Cancer patients urged to avoid 'terrifying' misinformation

Cancer patients urged to avoid 'terrifying' misinformation

Professor Declan Devane was speaking to an Irish Cancer Society patient webinar on Monday. File picture

Misinformation about cancer and treatment can be terrifying, a researcher in this area has warned, urging patients to question anything that seems “too good to be true”.

Declan Devane, who is studying this issue, urged patients to question sources of information on treatments or products, especially online.

“This is the day and age of access to information. But the unrestricted access to information can be quite terrifying in some ways,” he said.

This should include looking for evidence behind celebrity recommendations or personal stories as well as questioning doctors, he said.

Referring to celebrities. he said: “It’s what access do they have — what are they basing their information on? Have they considered the reliability of the information on which they are basing their recommendations?”

Prof Devane, an academic at NUI Galway who is studying the topic of misinformation about cancer with a research grant from the Irish Cancer Society, told the society’s patient webinar that anything that seems too good to be true “probably is”, and that opinion alone is not sufficient even from experts.

He advised patients that just because a product worked for one person does not necessarily mean it will work for everyone. In an interview after the webinar, he said there are vested interests “driving the way information is put across”.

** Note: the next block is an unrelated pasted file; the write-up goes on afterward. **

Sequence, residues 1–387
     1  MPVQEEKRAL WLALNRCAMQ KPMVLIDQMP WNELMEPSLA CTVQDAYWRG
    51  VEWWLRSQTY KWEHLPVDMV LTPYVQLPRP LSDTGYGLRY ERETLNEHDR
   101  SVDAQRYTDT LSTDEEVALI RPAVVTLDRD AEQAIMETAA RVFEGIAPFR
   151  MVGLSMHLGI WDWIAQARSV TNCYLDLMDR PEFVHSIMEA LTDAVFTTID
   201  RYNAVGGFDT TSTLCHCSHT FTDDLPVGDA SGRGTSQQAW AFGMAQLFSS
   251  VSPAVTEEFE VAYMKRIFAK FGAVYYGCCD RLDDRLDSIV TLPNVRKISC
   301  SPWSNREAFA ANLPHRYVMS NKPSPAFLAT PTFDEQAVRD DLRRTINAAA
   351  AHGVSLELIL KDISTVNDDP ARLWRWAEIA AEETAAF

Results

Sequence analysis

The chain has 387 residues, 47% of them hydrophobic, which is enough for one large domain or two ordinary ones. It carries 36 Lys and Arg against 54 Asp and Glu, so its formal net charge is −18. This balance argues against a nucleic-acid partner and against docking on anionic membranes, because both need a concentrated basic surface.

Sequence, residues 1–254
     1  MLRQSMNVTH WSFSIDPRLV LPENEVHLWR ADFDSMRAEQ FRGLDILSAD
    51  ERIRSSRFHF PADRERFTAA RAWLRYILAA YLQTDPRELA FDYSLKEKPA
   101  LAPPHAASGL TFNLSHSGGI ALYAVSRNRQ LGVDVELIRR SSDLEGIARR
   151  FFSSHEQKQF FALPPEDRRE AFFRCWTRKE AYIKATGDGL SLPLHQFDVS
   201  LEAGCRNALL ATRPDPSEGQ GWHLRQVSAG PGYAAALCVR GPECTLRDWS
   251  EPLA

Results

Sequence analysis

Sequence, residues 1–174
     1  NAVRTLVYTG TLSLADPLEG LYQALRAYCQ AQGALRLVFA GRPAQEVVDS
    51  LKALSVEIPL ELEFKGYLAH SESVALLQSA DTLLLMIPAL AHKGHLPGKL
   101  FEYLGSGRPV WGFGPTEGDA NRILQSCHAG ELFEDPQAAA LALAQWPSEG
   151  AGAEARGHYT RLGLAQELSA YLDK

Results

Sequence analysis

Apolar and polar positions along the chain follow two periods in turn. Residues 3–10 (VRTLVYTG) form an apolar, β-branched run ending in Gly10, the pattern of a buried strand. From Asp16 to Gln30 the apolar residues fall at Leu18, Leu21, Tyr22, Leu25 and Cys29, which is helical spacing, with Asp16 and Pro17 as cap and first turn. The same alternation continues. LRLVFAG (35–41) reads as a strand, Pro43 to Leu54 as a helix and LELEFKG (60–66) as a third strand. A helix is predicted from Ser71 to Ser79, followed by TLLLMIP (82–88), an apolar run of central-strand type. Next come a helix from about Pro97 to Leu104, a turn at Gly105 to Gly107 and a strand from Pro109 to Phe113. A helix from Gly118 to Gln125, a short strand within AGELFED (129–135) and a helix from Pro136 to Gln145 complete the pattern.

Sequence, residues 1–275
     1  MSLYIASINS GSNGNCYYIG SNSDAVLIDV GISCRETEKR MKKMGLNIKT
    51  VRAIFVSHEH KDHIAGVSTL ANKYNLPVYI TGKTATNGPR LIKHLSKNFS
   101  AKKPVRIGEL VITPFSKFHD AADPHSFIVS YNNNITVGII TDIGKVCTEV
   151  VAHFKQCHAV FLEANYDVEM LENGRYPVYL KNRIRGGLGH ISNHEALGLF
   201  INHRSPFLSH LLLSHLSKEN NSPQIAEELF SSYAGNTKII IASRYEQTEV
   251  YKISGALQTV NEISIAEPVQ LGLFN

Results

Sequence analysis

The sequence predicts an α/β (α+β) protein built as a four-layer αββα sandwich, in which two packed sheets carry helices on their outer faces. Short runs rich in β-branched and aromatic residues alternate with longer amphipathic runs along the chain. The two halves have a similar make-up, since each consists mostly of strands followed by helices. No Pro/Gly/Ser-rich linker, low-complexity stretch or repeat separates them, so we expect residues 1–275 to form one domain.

Patients should be wary of “exaggerated importance” given to products, he said. “Look at the numbers, asking what’s the science behind that exaggerated importance is the critical thing that needs to be looked at,” said Prof Devane.

He advised similar caution around small studies with 20 or 30 participants making “miraculous claims”.

He advised patients to search critically online. He said: 

Do so in the understanding there is lots of misinformation, unreliable information, out there. 

“Think about what options matter, and discuss that with [their] clinician at the first port of call. Ask what evidence is informing their recommendations for particular treatments.”

He urged patients to seek transparency and to be more demanding.

“Having to hunt around to find where the citation in a paper is, doesn’t suggest to me reliability of information. The public should be more demanding really,” he said.

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